Inhaled Corticosteroids Come With Benefits & Risks With COVID-19, So Consult Your Doctor

GettyTouro University Nevada medical students Allison Boynton, Allison Moran and Claire Chen put on personal protective equipment as they get ready to conduct medical screenings.

Dr. Joi Lucas, MD, is a board-certified pediatric pulmonologist practicing in Orlando and Tampa, Florida. She told Heavy that Pulmicort is commonly used in children and infants as a nebulizer inhaled steroid treatment for asthma and chronic lung disease of prematurity.

She told Heavy about coronavirus: “COVID-19 has unique pathogenicity and is efficiently transmitted with few clinical symptoms by aerosolized droplets originating from the upper respiratory tract. Later in the disease course replication of the virus occurs in the lower respiratory tract with an attack of organs expressing the same receptor, ACE2, and overwhelming cytokine-induced inflammation.”

Pulmicort was introduced more than 25 years ago to treat asthma in children. The safety profile of the drug is well known, she said.

“Several placebo-controlled multicenter trials in the United States demonstrated the efficacy and tolerability of budesonide in children, adolescents, and adults for treating asthma,” she said. “Pulmicort in combination with long-acting albuterol is also used to successfully manage chronic obstructive pulmonary disease (COPD) … .”

Pulmicort hasn’t had some of the negative side effects that other inhaled steroids demonstrated, she noted.

“Fortunately, Pulmicort has not demonstrated side effects such as growth delay, decreased bone mineral density, or cataract formation commonly associated with other inhaled steroids, when it is used in short intervals,” Lucas told Heavy.

There are differing opinions about the use of steroids with COVID-19, since some steroids might decrease the body’s immune response. However, there is also evidence that some inhaled steroids might improve the outcome of COVID-19, so it’s best to simply ask your doctor, she shared.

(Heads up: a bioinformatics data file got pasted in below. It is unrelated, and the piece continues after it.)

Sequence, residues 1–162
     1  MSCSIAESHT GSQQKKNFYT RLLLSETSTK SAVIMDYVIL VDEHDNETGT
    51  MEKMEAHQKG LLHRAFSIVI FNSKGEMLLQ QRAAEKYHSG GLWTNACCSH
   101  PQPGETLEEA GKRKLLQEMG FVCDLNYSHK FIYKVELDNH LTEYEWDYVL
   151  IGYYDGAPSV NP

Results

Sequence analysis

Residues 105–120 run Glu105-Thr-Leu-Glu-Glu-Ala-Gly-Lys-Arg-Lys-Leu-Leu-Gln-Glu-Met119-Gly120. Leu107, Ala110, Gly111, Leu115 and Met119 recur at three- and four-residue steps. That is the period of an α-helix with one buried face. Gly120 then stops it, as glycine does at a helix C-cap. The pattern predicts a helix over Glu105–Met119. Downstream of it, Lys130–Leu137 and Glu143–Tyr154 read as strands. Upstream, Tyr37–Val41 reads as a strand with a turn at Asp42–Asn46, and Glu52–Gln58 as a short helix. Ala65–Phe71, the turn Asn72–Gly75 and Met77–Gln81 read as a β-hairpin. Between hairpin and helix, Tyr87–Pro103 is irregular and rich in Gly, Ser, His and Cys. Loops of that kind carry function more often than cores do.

“Of note, patients with COPD and asthma are at increased risk for severe infection with COVID-19,” she said. “Steroids suppress immune response mitigating inflammation, but also potentially dampen … the body’s natural defenses against invading viruses like COVID-19. Some studies show use of inhaled corticosteroids in patients with asthma and COPD is associated with increased risk of upper respiratory tract infections. However, there is evidence to support specifically with some coronaviruses improved outcome with use of inhaled steroids. … Until the definitive benefits or risks of Pulmicort in the treatment of COVID-19 are known, patients should check with their doctor to determine if Pulmicort is a safe medication to use for COVID-19 symptoms.”


The Corticosteroid Dexamethasone Is Helping & Budesonide Targets the Lungs More Directly

CDCTransmission electron microscopic image of an isolate from the first U.S. case of COVID-19, formerly known as 2019-nCoV. The spherical viral particles, colorized blue, contain cross-section through the viral genome, seen as black dots.

Dr. Don L. Goldenberg, emeritus professor of medicine at Tufts University School of Medicine, also spoke with Heavy about budesonide. Goldenberg shared that another corticosteroid has shown positive results in helping severely ill patients. But with so little known about budesonide’s role, it’s best to only take the medicine under the direction of a doctor.

Goldenberg shared: